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Submissions for the RBW 2014 Short Story Collection Roads Less Travelled are now invited. All contributors must be registered with RBW Library Workshop or be weekly email pdf recipients Submit in the usual way. Closing date for submissions

Have you sent in your submissions for FOOTPRINTS the RBW 2014 poetry collection?

Strike a light, there's another combustible collection of hot vocal expression, live literature and news uploaded to us, recorded by us, and sent to us on cd in this month's re.Lit on Radio Wildfire. We'll be joined by Sara Beadle, talking about the forthcoming Birmingham Literature Festival; and talking to Brian Dakin, aka Billy Spakemon, about his new book of stories Frum The Coal 'Ole - from which he'll also be reading. There'll be poetry newly uploaded to the Radio Wildfire website by Zoe Piponides, from Cyprus; and from Dwane Reads in Derby, tracks from his new cd The Annoying Megaphone Pigeon. There'll be poetry with music from the international duo Kinsame based in Montpellier. There'll be stories and memoir from Ron Runenborg in Minnesota, a great talespinner and a great voice submitting his work to Radio Wildfire for the first time; and from Sylvia Millward in the West Midlands, full of nostalgia for her Toxic Garden. This month's contribution from the Bunbury Banter Theatre Company is Hell Hath No Fury by Bruce Shakespear, a true*, satanic and hilarious warning about ambition set in the Victorian art world (not for those of a nervous disposition). And there'll be music from Surreal Realm in Indianapolis USA. Plus we'll be looking at cd tracks and material from our archives giving a selection that we can guarantee that you won't hear anywhere else. The show is presented as always by poet and performer Dave Reeves. Join us: Monday 2nd September from 8.00 pm UK time at Radio Wildfire: combusting a guttural. re.Lit Live! is produced by Vaughn Reeves with backroom support from Ali McK.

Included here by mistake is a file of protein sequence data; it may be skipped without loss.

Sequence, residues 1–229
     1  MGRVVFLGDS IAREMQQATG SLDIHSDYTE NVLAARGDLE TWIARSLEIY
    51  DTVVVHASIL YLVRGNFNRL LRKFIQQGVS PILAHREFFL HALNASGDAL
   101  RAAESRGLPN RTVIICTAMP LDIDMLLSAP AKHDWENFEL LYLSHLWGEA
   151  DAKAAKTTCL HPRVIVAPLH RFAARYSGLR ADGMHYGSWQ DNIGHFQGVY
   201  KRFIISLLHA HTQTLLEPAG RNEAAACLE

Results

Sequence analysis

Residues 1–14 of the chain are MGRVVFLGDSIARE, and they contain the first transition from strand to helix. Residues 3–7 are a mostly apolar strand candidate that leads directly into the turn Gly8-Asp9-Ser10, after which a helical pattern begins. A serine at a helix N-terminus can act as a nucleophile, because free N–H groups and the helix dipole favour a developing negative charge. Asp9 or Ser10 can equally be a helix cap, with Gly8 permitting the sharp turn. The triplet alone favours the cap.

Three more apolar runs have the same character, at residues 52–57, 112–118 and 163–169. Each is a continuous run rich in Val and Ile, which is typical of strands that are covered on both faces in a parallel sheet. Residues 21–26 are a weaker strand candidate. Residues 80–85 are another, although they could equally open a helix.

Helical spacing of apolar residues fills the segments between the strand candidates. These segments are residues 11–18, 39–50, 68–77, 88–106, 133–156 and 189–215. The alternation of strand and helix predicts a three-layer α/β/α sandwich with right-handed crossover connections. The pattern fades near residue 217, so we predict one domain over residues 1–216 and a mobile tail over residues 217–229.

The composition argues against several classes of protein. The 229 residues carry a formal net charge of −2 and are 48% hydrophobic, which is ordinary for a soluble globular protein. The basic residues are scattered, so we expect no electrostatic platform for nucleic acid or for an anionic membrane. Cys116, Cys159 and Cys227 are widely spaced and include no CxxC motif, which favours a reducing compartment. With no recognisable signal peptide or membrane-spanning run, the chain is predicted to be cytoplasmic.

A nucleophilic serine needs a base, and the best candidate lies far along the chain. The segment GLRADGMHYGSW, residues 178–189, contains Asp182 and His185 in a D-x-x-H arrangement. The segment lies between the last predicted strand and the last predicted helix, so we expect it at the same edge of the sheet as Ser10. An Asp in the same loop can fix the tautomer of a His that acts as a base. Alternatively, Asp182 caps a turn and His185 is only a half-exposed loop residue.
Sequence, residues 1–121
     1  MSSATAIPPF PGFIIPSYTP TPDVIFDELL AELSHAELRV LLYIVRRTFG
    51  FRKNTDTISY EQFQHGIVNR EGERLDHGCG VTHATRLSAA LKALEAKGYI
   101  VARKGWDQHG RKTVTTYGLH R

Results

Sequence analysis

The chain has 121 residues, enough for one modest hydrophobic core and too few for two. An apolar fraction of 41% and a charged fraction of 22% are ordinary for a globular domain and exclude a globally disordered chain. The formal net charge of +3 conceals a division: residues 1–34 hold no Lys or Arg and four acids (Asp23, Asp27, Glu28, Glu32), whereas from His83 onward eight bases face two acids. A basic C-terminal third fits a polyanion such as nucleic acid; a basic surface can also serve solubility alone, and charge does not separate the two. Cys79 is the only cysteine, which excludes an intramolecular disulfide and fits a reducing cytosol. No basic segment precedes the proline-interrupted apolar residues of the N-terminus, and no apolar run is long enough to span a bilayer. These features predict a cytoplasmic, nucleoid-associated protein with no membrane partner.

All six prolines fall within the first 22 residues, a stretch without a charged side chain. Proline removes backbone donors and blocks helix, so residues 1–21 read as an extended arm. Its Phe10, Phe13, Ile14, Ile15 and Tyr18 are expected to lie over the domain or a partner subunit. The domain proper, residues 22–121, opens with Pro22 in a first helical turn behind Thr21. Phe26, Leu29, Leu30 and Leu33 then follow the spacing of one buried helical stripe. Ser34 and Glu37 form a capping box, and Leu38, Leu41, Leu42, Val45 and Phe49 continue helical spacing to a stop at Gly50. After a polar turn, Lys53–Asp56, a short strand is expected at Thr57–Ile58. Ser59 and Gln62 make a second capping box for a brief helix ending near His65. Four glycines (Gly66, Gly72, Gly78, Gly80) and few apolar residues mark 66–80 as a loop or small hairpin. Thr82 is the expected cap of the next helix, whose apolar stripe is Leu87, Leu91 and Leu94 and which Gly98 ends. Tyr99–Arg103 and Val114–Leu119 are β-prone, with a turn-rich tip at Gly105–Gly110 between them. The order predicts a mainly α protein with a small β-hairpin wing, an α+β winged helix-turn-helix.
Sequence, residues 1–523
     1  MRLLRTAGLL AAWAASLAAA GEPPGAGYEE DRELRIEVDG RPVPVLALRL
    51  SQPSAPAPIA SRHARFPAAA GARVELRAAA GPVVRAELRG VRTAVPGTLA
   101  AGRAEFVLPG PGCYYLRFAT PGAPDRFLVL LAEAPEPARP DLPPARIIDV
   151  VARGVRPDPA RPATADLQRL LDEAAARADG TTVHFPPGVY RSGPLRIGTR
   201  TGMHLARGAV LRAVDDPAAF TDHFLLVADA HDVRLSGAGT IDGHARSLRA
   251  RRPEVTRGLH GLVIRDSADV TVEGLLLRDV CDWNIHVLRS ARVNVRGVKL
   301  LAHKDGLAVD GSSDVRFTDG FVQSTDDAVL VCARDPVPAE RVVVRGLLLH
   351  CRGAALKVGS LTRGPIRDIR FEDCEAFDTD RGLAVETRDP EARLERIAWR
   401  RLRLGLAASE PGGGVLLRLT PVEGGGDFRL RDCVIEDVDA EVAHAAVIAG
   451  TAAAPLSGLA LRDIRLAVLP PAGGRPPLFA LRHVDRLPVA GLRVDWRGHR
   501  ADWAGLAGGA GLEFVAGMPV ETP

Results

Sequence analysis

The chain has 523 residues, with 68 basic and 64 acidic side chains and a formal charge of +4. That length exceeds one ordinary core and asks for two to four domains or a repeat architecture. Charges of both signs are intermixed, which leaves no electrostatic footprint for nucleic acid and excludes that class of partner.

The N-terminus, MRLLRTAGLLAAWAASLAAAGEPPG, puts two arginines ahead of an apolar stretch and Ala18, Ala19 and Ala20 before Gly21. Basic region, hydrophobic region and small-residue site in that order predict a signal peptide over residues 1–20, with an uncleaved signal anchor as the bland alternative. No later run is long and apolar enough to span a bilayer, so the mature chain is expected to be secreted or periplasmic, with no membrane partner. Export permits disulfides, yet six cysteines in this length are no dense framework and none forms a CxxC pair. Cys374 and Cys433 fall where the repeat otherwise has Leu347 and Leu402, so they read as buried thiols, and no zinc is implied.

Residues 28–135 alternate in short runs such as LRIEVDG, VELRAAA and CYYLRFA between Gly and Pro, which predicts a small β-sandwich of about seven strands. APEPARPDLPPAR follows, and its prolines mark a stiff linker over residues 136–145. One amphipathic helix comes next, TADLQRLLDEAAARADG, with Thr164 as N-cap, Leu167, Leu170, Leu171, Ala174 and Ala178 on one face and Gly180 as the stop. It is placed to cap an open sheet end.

Why not send your own tracks to Radio Wildfire by going to the „Submitâ€&#x; page of our website and uploading MP3s of your work. Spoken word and music, comedy, storytelling, poetry, song and aural art, they are all part of the eclectic mix we are looking for when we create Radio Wildfire Live! Follow Radio Wildfire on Twitter @ Radio Wildfire is an independent online radio station which blends spoken word, poetry, performance literature, comedy, storytelling, short stories and more with a novel selection of word/music fusion and an eclectic mix of musical styles. broadcasts live 8.00-10.00pm (UK time) on the first Monday of every month. * Well, the script says it's true! Listen to Radio Wildfire at where The Loop plays 24 hours a day.

Some More New Plants.

NB Editor Note: These blogs began in 2010 and are still running to the present day. We are publishing from the beginning as they provide an insight into a yearly progression.